Are the lessons and successes of Ghawar transferable to the countless struggling fields around the world -- most conspicuously in Venezuela, Mexico, Iran or the former Soviet Union -- where irreversible declines in production are mistakenly accepted as the norm and in fact fuel the "neo-peak-oil" alarmism? The answer is a definitive yes.
Hundred-dollar oil will provide a clear incentive for reinvigorating fields and unlocking extra barrels through the use of new technologies. The consequences for emerging oil-rich regions such as Iraq can be far more rewarding. By 2040 the country's production and reserves might potentially rival those of Saudi Arabia.
Paradoxically, high crude prices may temporarily mask the inefficiencies of others, which may still remain profitable despite continuing to use 1960-vintage production methods. But modernism will inevitably prevail: The national oil companies that hold over 90% of the earth's conventional oil endowment will be pressed to adopt new and better technologies.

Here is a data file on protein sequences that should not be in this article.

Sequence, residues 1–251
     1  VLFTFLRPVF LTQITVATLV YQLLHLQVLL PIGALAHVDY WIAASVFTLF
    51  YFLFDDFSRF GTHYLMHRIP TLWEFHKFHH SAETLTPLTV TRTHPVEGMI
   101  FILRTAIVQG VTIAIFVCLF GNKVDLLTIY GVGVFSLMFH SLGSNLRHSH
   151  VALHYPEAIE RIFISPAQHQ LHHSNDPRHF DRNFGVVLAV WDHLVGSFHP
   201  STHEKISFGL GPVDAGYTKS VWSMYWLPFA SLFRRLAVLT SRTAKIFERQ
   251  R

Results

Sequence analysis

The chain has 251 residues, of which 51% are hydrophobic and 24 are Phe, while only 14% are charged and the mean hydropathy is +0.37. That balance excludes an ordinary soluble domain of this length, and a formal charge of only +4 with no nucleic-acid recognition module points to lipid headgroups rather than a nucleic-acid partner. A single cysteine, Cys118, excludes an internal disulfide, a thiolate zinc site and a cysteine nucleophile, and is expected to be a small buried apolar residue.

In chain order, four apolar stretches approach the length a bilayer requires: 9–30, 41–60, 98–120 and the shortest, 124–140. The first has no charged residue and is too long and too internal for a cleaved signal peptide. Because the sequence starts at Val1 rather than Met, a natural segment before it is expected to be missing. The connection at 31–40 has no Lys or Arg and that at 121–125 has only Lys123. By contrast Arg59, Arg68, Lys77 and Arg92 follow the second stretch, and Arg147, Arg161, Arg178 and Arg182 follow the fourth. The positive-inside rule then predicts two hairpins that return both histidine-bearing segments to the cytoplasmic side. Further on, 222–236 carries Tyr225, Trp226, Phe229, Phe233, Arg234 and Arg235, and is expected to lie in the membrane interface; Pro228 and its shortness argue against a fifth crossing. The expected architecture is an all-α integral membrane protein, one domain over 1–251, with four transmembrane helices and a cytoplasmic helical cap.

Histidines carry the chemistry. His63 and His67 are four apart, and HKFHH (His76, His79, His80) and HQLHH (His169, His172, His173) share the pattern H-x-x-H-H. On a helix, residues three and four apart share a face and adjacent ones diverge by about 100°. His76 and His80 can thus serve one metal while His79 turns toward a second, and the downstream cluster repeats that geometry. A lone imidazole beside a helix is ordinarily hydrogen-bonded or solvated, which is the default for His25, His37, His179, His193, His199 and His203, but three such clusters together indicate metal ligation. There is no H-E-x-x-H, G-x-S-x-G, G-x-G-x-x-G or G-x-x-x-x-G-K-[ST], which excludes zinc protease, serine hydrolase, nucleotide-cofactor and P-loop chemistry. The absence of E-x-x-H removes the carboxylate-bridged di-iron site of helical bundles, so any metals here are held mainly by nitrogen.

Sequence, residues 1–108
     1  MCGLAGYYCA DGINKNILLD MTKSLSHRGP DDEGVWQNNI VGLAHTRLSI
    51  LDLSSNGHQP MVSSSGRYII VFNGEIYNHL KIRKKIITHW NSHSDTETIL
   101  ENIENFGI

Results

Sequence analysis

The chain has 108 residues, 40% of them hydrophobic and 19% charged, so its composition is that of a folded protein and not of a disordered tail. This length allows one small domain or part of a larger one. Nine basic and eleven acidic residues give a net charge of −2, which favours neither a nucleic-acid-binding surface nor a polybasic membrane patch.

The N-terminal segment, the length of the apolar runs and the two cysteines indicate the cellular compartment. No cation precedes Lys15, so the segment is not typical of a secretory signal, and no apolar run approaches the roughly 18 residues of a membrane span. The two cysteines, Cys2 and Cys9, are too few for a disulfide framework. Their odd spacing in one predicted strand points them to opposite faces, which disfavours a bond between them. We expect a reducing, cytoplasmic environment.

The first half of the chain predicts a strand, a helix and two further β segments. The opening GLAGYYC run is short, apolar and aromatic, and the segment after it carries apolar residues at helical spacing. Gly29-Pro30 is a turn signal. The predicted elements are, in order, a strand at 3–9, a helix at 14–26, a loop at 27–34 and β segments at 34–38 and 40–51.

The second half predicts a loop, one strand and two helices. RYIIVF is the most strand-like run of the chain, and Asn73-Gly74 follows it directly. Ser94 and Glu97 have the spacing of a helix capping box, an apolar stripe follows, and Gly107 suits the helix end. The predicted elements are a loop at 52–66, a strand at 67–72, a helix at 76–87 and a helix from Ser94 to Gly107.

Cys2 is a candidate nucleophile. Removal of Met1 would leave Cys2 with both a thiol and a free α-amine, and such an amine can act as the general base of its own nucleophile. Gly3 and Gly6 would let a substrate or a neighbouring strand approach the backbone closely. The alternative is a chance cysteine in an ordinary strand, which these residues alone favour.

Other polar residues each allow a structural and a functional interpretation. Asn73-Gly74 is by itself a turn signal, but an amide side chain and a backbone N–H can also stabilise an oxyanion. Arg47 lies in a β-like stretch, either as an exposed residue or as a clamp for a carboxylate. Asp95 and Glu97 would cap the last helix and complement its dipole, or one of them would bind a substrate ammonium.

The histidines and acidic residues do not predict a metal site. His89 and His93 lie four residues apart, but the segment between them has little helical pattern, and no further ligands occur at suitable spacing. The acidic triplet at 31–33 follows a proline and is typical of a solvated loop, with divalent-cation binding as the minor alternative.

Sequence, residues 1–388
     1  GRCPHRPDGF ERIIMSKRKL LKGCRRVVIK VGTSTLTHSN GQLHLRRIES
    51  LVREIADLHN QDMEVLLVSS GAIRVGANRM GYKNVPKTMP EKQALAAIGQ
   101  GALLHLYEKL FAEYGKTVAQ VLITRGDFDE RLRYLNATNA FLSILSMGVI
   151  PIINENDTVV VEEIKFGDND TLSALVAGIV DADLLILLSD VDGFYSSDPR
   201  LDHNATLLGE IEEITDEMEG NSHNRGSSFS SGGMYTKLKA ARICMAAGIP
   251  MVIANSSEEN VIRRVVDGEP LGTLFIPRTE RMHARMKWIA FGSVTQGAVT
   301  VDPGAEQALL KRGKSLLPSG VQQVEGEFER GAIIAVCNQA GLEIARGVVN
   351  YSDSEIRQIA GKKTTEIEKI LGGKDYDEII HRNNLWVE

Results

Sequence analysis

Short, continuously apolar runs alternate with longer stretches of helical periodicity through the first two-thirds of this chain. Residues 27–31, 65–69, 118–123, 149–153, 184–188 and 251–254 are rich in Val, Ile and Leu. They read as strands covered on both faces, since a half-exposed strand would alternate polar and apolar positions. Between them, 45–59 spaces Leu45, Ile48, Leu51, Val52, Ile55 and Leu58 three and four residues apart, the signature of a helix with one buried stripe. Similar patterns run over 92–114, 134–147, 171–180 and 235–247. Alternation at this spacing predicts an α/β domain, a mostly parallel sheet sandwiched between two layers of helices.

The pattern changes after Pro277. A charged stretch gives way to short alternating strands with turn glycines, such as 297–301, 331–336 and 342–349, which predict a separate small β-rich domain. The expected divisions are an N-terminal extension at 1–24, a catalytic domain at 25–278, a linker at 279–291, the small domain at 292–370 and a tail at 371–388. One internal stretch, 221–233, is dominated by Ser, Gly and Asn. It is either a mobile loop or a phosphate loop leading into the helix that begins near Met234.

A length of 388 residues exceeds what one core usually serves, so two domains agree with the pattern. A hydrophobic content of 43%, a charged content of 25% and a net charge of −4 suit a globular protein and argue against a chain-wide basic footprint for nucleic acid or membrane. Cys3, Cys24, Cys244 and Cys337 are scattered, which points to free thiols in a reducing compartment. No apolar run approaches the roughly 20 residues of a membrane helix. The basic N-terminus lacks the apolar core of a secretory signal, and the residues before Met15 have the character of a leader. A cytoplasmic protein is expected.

- What will be the average rate of crude consumption between now and peak oil? Current daily global consumption stands around 86 million barrels, with projected annual increases ranging from 0% to 2% depending on various economic outlooks. Thus average consumption levels ranging from 90 to 110 million barrels represent a reasonable bracket. Any economic slowdown -- as intimated by the recent tremors in the global equity markets -- will favor the lower end of this spectrum.
This is not to suggest that global supply capacity will grow steadily unimpeded by bottlenecks -- manpower, access, resource nationalism, legacy issues, logistical constraints, etc. -- within the energy equation. However, near-term obstacles do not determine the global supply ceiling at 2030 or 2050. Market forces, given the benefit of time and the burgeoning mobility of technology and innovation across borders, will tame transitional obstacles.
- When will peak oil arrive? This widely accepted tipping point -- 50% of ultimately recoverable resources consumed -- is largely a tribute to King Hubbert, a distinguished Shell geologist who predicted the peak oil point for the U.S. lower 48 states. While his timing was very good (he forecast 1968 versus 1970 in fact), he underestimated peak daily production (9.5 million barrels actual versus eight million estimated).